A live example of an online Price Glitch
The recent case of online shoppers on the Harvey Norman website picking up furniture at absurdly low prices, has not happened for the first time and will probably happen again. (Stuff News : Harvey Norman Price Glitch)
Approximately 330 people took advantage of the deal and the example quoted was of a woman paying $159 for something that was probably worth $1,699.
Last heard, Harvey Norman is not honouring the low prices but asking customers to either pay the higher price or cancel the transaction. In either condition Harvey Norman is apparently giving a $100 voucher to come back and use with Harvey Norman again. Really.!!
While we have heard the usual “experts” saying – they need to honour the prices and this will damage the brand, no commercially viable solution has been proposed. Clearly, there still is an opportunity to convert a big lose ( adverse impact on future sales and brand image) into a win.
So here is a commercially viable solution with some assumptions.
Assuming the average regular price of the items that have been purchased is $1,500 while the online shoppers have only paid $150. So for a $1,500 item of furniture Harvey Norman would have realised $1,304 once we remove GST off it. The next assumption is that the average margin Harvey Norman makes on furniture is probably around 60%. Which means the average furniture items costs 40% of $1,304 which is $522.
Now what Harvey Norman has currently realised is $150 which net of GST is $130. Deduct $522 from it and the loss is -$392. Multiply that by 330 customers and we are talking of a loss of $129,360. Now, how much of it is a lost profit opportunity? How many of those customers would have bought the 330 items of furniture at $1,500? My guess is maybe 20 if they are lucky, so would have made a profit of 20 x $1,304 x 60% which is = $15,648. And would have still had 310 furniture items in their stores and warehouse.
Harvey Norman like most retailers probably works in separate silos which control different levers of the business. Retail Sales / Buying teams control price realisation / optimisation while the Marketing team controls the advertising, brand building, sponsorships etc. In this case the issue is being addressed by the Sales team to limit its dollar loss. However, this is impacting the brand image and will potentially impact repeat purchase and the ability to gain new shoppers. But sales teams don’t see that long term impact. Brand Image or its associated measures are managed by the Marketing team.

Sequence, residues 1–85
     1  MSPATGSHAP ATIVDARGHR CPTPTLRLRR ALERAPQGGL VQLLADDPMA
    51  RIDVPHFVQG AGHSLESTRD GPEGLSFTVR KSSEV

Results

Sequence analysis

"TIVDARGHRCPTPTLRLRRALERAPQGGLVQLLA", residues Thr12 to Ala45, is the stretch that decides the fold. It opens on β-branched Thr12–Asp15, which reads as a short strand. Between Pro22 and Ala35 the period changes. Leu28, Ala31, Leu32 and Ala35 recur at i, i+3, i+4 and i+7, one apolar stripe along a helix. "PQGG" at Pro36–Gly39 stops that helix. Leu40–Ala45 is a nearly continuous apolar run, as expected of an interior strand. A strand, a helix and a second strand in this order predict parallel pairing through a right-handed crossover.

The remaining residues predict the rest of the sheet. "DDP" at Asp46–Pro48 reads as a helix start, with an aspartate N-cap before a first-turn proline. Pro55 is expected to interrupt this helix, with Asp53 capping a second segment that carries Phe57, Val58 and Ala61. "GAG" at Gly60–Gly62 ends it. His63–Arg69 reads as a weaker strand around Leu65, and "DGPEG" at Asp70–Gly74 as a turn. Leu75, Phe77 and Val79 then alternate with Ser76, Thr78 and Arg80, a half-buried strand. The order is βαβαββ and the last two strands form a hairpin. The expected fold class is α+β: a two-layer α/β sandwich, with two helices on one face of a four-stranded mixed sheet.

So what is the solution?
Harvey Norman is one of the largest advertisers in the country (in fact in the Top 10) from data available publicly from 2013 to 2011 (NZ Top 10 Spenders). With a published rate card spend of $60M (million), I assume with the hug discounts you get from various media channels the actual spend will be between $20M to $25M.
All Harvey Norman needs to do is reduce its media spend by $129,360 to fund this loss and then divert another $50,000 to advertise and tell the world they will honour the “price error” and apologise for the initial reaction of giving $100 vouchers. The 330 consumers will be over the moon as I would have been, and the positive brand association Harvey Norman will get through unpaid media exposure will be worth more than a few million dollars of TV ads SHOUTING at you. I can also assure the marketing team that reducing the spend from $25M to $24.8M may not make a measurable variance to their communication objectives. The current option includes disgruntled shoppers, adverse publicity and potentially high lawyer fees. I know what I’d choose. And in case after reading this, Harvey Norman decides to act as above then please let me know so I can send you the invoice for advice given :))
**All margin calculations made using assumptions. Actual data is likely to be commercially sensitive.
* Disclaimer:I have nothing against Harvey Norman personally. We buy most of our whiteware from them and 2 weeks after first publishing this post I did buy a nice dishwasher at a great price.